Thomas J. Lee, Plaintiff, Appellant, v. Helmut Meyer, Defendant, Appellee, 439 F.2d 263 (1st Cir. 1971)

Annotate this Case
U.S. Court of Appeals for the First Circuit - 439 F.2d 263 (1st Cir. 1971) Heard March 1, 1971
Decided March 9, 1971

Nathan Greenberg, Boston, Mass., with whom Earl Wahl, Portland, Me., was on brief, for appellant.

Harrison L. Richardson, Portland, Me., with whom Robert L. Hazard and Richardson, Hildreth, Tyler & Troubh, Portland, Me., were on brief, for appellee.

Before ALDRICH, Chief Judge, McENTEE and COFFIN, Circuit Judges.


In this case the plaintiff, a longshoreman, was injured when he fell off a beam about three feet above the ground on which he was standing to reach, with a pole, to dislodge a piece of burlap from a clamshell. The clamshell was being used to unload clay from a vessel. The weather was rainy and there was evidence that the beam was slippery because of the presence of clay thereon. The plaintiff offered evidence of two longshoremen, whom he described as experts, through whom he offered an opinion that the operation in question, although it was the method commonly employed in the City of Portland, was "unsafe and dangerous." The court rejected the testimony. The defendant had a verdict and the plaintiff appeals.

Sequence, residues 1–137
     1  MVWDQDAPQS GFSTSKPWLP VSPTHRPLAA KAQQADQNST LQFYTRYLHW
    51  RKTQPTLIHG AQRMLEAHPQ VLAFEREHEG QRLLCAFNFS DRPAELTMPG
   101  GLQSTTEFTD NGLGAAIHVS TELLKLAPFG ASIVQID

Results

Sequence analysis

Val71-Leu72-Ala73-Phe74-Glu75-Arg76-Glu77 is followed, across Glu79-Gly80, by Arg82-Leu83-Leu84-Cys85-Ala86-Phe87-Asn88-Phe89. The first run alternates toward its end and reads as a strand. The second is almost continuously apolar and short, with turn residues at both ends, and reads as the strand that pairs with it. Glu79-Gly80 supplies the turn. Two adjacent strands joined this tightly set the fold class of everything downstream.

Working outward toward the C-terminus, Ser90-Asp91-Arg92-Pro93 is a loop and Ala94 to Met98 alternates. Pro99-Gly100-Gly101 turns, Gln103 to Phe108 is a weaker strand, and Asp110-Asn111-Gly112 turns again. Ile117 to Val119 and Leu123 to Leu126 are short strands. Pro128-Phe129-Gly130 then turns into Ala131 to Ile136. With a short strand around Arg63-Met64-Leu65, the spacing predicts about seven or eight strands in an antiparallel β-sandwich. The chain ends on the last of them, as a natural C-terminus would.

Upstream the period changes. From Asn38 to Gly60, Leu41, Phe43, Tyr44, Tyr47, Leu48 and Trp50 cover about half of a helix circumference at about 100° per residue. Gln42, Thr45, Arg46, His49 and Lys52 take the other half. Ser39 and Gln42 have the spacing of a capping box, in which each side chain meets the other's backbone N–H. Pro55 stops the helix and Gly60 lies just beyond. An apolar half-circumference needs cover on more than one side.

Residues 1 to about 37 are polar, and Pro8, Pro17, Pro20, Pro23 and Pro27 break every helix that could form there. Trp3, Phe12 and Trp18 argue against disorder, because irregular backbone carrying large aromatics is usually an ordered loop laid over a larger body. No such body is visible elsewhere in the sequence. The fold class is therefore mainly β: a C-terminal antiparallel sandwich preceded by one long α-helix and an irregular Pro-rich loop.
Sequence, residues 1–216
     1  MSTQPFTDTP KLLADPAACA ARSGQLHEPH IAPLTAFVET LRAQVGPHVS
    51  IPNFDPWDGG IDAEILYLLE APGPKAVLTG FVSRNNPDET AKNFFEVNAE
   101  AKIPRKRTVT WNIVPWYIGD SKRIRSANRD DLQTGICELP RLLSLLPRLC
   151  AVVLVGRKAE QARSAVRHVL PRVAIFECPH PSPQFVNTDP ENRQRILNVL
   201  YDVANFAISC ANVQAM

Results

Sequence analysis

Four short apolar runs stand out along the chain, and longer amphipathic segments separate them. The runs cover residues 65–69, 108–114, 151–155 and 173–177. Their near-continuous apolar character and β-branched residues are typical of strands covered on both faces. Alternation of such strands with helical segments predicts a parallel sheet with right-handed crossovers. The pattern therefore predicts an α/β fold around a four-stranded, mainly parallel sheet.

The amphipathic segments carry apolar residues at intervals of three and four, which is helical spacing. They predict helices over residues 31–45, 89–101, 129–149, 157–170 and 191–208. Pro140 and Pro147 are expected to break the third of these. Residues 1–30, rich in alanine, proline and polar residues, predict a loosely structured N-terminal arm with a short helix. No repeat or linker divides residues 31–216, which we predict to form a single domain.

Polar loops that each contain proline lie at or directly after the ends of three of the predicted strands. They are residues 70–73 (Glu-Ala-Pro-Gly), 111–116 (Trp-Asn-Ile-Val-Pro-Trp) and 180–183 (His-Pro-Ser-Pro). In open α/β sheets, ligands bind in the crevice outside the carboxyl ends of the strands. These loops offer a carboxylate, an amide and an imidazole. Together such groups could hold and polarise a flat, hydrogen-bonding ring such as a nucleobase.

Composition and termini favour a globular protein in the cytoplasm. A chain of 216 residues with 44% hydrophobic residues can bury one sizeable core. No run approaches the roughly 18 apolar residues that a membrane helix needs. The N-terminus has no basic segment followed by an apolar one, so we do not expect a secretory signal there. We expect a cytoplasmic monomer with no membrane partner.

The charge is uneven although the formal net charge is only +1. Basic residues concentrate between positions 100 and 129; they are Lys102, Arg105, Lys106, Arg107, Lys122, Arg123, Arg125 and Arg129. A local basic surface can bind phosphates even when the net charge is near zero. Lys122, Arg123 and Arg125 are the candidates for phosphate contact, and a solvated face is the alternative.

Plaintiff's evidence had already fully described the basic facts, and the activity. In addition, there were photographs. The court was warranted in finding that the issue related to simple physical matters, plainly comprehensible by a jury. While expert opinion on the ultimate question in the case may be admissible, it can only be when, in the view of the court, the witness has special qualifications that will enable him to add to the jury's understanding. The court's conclusion that this was not the case here was well within its discretion.